First announced as a public preview in September 2017, Global VNet Peering is now generally available in all Azure public regions.

Similar to virtual network peering within the same Azure region, Global VNet Peering now lets you seamlessly connect virtual networks in different Azure regions. The connectivity between the peered virtual networks is routed through the Microsoft backbone infrastructure through private IP addresses. VNet peering provides virtual network connectivity without gateways, additional hops, or transit over the public internet. Global VNet Peering can simplify network designs which have cross-regional scenarios for data replication, disaster recovery, and database failover.

While similar, peering within the same region and peering across regions have unique constraints.  These are clearly identified in the Microsoft documentation, so check that out before you get started. Read More…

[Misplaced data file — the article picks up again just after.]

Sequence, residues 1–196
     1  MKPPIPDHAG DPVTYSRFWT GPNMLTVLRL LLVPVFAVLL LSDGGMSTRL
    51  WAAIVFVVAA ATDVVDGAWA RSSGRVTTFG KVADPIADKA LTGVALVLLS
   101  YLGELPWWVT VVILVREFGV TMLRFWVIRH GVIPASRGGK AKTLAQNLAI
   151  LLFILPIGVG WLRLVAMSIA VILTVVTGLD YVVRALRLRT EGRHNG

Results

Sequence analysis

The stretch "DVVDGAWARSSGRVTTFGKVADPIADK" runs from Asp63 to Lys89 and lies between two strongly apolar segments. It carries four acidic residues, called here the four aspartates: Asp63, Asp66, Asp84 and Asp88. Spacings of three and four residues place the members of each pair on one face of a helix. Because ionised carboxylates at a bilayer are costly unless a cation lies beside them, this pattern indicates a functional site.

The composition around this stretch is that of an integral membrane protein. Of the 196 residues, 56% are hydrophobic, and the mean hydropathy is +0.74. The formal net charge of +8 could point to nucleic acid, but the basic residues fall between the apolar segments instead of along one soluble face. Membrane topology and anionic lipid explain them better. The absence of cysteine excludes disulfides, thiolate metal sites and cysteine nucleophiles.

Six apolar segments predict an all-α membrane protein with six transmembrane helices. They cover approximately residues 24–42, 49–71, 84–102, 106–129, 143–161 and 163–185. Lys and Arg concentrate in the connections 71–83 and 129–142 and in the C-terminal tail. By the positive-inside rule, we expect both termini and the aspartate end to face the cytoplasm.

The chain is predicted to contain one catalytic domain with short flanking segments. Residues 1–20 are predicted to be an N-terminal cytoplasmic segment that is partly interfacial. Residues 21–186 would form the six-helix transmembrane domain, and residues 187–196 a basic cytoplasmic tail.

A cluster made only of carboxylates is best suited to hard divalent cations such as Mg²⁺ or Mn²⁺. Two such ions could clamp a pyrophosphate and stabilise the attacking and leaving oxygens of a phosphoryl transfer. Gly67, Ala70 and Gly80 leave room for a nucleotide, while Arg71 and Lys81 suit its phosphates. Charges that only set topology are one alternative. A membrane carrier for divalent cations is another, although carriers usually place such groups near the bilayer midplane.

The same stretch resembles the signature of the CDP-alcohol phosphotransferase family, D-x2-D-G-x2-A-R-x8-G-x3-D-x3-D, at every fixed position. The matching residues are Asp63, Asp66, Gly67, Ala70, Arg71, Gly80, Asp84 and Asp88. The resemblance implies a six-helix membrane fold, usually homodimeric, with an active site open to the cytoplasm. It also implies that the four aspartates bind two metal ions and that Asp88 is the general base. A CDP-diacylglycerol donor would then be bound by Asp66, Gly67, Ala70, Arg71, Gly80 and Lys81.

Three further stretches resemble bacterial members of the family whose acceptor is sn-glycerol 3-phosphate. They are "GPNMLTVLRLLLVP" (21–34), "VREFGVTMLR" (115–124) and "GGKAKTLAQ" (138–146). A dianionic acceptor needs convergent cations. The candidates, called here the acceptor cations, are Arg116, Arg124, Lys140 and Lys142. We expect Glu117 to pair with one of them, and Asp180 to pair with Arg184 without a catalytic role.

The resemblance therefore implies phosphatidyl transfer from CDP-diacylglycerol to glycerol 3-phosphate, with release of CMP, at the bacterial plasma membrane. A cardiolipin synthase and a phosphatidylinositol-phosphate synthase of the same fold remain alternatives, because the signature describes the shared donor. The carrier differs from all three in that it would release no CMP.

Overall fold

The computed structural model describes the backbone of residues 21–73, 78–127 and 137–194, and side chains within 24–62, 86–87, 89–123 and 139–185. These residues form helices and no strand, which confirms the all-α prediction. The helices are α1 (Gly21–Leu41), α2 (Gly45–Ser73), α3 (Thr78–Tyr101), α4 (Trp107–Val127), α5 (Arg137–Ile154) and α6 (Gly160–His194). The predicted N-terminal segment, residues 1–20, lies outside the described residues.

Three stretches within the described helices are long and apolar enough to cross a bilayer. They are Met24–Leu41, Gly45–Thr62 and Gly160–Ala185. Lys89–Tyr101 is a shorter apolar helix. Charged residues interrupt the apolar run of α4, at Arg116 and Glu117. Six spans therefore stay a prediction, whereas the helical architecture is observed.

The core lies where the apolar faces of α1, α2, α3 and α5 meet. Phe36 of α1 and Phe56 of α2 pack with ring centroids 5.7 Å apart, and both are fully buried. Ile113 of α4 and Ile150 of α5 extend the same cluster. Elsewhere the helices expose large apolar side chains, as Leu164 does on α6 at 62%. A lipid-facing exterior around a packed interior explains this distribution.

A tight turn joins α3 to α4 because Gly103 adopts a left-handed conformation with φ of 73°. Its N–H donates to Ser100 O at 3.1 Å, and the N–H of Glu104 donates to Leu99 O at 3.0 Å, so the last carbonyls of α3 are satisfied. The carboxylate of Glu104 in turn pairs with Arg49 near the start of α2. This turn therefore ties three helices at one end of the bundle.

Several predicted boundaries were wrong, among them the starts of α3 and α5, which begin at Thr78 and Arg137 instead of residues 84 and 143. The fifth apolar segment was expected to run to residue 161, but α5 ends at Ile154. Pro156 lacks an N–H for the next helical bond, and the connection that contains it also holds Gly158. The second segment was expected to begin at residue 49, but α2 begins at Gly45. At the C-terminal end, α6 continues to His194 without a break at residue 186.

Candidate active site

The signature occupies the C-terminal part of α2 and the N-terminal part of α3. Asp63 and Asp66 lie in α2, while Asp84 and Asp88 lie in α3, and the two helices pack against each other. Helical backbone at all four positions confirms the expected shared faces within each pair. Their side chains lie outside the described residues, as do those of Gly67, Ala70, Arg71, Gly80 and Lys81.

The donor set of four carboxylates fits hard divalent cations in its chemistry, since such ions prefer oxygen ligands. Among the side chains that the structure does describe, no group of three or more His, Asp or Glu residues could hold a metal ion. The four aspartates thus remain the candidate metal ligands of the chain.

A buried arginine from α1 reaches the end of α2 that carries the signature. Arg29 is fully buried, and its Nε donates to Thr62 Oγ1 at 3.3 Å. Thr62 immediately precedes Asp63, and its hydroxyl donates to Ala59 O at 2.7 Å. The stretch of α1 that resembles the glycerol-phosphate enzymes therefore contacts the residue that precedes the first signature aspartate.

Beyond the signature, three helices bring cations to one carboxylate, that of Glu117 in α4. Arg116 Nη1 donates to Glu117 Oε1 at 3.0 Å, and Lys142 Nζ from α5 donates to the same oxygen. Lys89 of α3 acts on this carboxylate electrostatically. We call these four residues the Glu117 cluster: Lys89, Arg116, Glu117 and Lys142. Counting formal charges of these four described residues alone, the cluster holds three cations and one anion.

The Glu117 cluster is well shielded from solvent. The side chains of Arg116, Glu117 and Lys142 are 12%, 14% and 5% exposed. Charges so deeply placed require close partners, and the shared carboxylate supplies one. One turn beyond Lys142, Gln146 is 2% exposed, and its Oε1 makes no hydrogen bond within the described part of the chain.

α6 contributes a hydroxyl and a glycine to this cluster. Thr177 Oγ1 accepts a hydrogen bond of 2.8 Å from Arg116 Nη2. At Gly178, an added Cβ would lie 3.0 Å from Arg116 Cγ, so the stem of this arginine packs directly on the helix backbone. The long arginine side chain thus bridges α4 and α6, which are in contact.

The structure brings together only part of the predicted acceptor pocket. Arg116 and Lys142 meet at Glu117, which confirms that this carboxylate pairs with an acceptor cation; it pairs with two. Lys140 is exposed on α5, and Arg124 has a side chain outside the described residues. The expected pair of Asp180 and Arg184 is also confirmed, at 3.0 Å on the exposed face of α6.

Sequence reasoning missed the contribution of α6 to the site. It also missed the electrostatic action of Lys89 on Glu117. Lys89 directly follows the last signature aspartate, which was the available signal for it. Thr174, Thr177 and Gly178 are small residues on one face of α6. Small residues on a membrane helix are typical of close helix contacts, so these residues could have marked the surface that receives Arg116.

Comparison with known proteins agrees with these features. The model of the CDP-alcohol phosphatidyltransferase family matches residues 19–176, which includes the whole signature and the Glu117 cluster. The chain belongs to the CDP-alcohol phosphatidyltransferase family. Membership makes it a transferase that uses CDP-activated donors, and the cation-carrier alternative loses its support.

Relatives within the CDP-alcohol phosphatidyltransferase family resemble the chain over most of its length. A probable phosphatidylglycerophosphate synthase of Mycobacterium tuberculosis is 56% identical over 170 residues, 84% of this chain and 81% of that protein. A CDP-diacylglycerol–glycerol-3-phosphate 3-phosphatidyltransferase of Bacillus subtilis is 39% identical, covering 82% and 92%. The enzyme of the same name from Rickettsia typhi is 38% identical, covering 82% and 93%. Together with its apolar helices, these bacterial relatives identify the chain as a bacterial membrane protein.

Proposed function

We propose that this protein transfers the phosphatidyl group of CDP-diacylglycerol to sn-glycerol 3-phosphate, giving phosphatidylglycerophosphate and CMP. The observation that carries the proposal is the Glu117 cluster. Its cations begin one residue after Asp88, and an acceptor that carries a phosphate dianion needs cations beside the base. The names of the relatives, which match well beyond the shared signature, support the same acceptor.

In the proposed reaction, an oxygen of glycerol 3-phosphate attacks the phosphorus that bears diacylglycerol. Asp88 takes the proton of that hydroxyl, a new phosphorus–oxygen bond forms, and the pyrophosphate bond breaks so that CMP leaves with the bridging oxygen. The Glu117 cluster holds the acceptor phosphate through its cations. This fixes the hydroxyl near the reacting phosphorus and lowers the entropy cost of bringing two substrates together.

In a previous blog post I discussed Windows Azure PaaS / IaaS hybrid scenarios. Together with my colleague Jack O’Connell (Infrastructure Specialist extraordinaire), we set up each of the four scenarios outlined in the previous post including:

  • Using Windows Azure Virtual Network to provision a VPN to connect our on-premised infrastructure with a Windows Azure datacenter.
  • Set up front-end and back-end subnets.
  • Provision a set of Azure IaaS Virtual Machines and Azure Web Roles.
  • Install System Center Monitoring Pack for Windows Azure Applications on Azure-based machines.
  • Install System Center Operations on-premises in order to manage Azure-based resources.

Watch the following video for a quick walkthrough of the scenarios in action: